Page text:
Christians in Hong Kong wield influence beyond their small numbers, which is a blessing and a burden, says the dean of a seminary and president of the Methodist Church of Hong Kong.
The Rev. Dr. Lung-kwong Lo’s many roles as a Christian and institutional leader require him to navigate Hong Kong’s rich and diverse society, with its history of colonialism, its relationship to China and its delicate balance of power.
“We find it is so beautiful -- colorful,” he said. “Listening, understanding and then sharing form the base of a good collaboration. That is what happened in the last 30 years.”
For 18 years, Lo has been the dean of the Divinity School of Chung Chi College of the Chinese University of Hong Kong.
The school’s name reflects its history: the college was founded as an independent Christian school in 1951, a few years after the Communist takeover of China. “Chung Chi” means “honoring Christ.” In 1963, the government created a new university in the Chinese educational tradition, called the Chinese University of Hong Kong. The college remains a private school within the state-funded university.
In addition to serving as dean of the divinity school, Lo, who is ordained in the Methodist Church, is president of The Methodist Church of Hong Kong, a role equivalent to a bishop. He also is the former chair of the Association for Theological Education in South East Asia and the Hong Kong Theological Education Association.
He received a master of divinity degree from the Chinese University of Hong Kong and a Ph.D. from Durham University in the U.K., and has taught in the U.K. and the U.S. His current research projects include the church, politics and culture in Hong Kong and China.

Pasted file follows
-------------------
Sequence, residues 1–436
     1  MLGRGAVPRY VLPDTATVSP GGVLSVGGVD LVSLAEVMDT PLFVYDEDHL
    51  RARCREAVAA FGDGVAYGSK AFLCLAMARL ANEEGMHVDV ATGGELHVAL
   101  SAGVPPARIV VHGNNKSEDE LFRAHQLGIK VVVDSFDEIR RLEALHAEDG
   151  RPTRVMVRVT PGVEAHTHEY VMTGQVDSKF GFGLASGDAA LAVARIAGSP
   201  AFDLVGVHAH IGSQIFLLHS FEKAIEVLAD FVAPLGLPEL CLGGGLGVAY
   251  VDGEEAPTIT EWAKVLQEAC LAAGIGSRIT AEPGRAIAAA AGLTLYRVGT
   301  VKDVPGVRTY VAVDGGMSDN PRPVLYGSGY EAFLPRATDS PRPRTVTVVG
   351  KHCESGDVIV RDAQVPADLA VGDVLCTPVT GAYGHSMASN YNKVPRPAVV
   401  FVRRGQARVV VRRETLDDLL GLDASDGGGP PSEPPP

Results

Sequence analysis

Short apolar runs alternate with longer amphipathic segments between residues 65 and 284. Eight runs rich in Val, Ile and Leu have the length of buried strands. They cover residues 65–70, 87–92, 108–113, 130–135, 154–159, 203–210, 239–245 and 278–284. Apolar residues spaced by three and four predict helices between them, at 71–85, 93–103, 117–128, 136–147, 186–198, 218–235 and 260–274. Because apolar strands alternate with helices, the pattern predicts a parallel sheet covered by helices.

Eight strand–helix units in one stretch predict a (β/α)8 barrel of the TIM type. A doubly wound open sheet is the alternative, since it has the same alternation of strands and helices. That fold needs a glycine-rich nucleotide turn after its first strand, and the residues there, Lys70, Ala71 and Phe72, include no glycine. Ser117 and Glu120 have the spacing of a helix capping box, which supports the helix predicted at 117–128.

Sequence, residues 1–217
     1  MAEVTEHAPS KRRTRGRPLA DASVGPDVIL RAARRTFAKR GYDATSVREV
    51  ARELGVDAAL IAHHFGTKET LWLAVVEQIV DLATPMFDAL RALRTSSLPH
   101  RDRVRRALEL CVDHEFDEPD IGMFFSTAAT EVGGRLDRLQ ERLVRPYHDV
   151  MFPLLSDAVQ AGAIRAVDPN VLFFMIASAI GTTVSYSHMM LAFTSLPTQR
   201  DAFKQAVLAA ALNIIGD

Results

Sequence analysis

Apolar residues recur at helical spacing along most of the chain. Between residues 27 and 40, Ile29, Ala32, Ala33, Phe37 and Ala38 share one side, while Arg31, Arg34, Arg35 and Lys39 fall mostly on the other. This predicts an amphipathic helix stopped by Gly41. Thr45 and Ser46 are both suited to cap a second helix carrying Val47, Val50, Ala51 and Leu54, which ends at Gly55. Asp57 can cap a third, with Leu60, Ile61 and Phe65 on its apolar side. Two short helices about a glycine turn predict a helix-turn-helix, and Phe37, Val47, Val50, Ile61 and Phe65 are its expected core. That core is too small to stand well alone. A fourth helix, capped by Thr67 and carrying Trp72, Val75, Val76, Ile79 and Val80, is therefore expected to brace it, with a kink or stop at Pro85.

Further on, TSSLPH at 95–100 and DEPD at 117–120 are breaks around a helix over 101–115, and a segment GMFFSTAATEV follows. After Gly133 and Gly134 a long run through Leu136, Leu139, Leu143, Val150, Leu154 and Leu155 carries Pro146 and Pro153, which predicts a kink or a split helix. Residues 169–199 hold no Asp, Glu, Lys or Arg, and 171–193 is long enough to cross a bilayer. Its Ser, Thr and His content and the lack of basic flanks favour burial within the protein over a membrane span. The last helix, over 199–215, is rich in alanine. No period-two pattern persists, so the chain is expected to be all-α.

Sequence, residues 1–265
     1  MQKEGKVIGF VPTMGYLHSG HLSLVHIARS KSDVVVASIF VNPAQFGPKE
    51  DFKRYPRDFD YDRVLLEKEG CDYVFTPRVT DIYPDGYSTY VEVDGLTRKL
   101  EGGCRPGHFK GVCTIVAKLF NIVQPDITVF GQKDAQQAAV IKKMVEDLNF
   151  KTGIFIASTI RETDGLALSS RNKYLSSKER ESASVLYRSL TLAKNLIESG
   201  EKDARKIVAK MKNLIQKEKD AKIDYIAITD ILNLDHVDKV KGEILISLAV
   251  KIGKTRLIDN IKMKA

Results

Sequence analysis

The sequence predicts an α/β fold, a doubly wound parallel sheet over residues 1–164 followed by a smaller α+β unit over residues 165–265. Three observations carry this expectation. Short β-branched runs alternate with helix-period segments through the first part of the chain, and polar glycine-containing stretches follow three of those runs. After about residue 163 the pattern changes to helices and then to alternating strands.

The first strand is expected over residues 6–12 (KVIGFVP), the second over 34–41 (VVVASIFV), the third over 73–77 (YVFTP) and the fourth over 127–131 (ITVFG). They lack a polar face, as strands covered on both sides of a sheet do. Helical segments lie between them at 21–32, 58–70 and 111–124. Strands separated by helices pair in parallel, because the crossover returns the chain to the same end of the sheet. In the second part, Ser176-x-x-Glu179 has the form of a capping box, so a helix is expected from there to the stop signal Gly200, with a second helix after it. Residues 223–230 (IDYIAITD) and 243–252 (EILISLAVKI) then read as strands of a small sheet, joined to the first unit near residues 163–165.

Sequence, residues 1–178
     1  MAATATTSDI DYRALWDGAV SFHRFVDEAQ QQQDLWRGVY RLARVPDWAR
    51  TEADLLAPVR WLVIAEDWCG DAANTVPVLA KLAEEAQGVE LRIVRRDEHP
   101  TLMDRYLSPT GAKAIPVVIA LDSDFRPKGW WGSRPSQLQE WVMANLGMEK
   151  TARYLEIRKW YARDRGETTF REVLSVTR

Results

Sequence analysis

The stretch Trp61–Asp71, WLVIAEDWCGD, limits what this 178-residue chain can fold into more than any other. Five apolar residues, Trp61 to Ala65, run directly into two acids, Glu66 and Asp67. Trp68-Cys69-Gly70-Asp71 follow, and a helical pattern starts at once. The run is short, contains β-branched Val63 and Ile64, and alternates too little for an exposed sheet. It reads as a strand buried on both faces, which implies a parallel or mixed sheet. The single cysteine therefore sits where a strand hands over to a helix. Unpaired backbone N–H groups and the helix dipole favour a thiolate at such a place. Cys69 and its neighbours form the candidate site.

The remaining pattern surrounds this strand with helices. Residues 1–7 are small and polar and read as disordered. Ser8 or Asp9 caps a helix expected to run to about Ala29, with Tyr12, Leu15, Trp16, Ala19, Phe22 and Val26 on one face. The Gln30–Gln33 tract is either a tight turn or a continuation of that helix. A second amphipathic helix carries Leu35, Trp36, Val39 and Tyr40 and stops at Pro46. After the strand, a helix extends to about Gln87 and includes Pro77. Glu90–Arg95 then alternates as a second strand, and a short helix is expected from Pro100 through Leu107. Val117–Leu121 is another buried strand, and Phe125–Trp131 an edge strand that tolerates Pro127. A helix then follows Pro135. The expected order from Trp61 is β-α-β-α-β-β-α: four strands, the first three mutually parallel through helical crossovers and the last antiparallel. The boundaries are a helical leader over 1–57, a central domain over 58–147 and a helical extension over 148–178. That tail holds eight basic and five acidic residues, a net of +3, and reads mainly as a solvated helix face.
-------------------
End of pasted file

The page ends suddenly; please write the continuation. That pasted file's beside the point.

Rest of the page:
Lo spoke with Faith & Leadership while at Duke Divinity School for a consultation on Northeast Asia hosted by the Center for Reconciliation. The following is an edited transcript.
Q: Describe your roles in the Christian community of Hong Kong.
Hong Kong is so small, you have to wear different hats. [It has] various denominations and traditions.
We merged the British Methodist Church with the American Methodist Church to become one Methodist Church in Hong Kong. I serve as president, which is equivalent to a bishop.
There are many seminaries in a small city -- we have 18 seminaries. There’s a lot of competition.
But my divinity school is sponsored by five denominations: the Anglican, the Methodist, and then the Reformed Lutheran (called Basel Mission, from Switzerland); and then the Church of Christ in China, an indigenous denomination [consisting mainly of churches with Congregational and Presbyterian traditions]; and then there’s the Pentecostal Holiness Church.
So we have a very wide spectrum.
Q: A theme that recurs in your work is merging and collaboration -- multiple denominations, different cultures. As a leader, how do you negotiate that diversity?
Well, I think it’s in the Methodist tradition -- John Wesley’s “catholic spirit.” You have to embrace all different kinds of people. We can play that kind of role because we’re open-minded and we offset our differences. We’ve been friends with different church leaders with different church traditions and tried to understand them. Because the criteria for us is the quadrilateral.